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Julia H. Keller, Christian M. Grams, Michael Riemer, Heather M. Archambault, Lance Bosart, James D. Doyle, Jenni L. Evans, Thomas J. Galarneau Jr., Kyle Griffin, Patrick A. Harr, Naoko Kitabatake, Ron McTaggart-Cowan, Florian Pantillon, Julian F. Quinting, Carolyn A. Reynolds, Elizabeth A. Ritchie, Ryan D. Torn, and Fuqing Zhang

transitioning cyclone (encircled during extratropical stage) and the “L” the position of the downstream cyclone. Together with Part I , this review describes developments in our understanding of ET since the first ET review by Jones et al. (2003 , hereafter J2003 ). The review by J2003 was motivated by the challenges that ET typically poses to forecasters in terms of predicting the structural evolution of the transitioning cyclone itself, and the high-impact weather that might be associated with it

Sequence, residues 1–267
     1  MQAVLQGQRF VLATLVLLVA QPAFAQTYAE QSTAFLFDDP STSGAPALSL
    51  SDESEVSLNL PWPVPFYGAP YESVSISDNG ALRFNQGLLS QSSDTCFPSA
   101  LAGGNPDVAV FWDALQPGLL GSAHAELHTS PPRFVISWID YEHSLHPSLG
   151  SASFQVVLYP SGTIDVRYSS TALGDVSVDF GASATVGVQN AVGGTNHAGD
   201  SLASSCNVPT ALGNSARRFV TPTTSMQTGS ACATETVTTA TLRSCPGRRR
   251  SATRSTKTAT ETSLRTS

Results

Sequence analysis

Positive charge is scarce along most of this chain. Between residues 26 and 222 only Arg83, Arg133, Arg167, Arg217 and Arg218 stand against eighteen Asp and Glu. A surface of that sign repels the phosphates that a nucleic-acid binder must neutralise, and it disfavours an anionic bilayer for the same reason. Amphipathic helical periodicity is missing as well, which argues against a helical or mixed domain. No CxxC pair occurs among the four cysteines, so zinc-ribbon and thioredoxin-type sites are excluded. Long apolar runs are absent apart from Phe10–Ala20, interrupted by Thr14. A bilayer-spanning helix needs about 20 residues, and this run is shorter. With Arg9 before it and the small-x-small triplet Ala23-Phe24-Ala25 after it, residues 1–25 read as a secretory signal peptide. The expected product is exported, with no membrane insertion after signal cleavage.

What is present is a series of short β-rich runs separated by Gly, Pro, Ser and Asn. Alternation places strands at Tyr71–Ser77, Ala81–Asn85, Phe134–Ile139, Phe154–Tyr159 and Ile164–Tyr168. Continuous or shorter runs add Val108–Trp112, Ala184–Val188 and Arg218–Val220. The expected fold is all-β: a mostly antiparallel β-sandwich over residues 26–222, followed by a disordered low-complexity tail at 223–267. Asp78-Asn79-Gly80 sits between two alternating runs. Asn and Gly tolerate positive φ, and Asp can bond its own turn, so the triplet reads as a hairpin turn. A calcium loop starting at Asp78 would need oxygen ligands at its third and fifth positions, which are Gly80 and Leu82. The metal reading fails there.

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Huw C. Davies

heat in a resting ambient atmosphere yields a net descent in the inner core of the initially warmed region with ascent above and below ( Fanelli and Bannon 2005 ). This contrast in the heating–ascent relationship is relevant in an NWP context. Longstanding challenges in NWP are to deliver reliable quantitative forecasting of precipitation, and to develop robust and effective techniques to assimilate/adjust model fields to account for misrepresented or unrepresented cloud diabatic heating. The

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Zhiyong Meng and Fuqing Zhang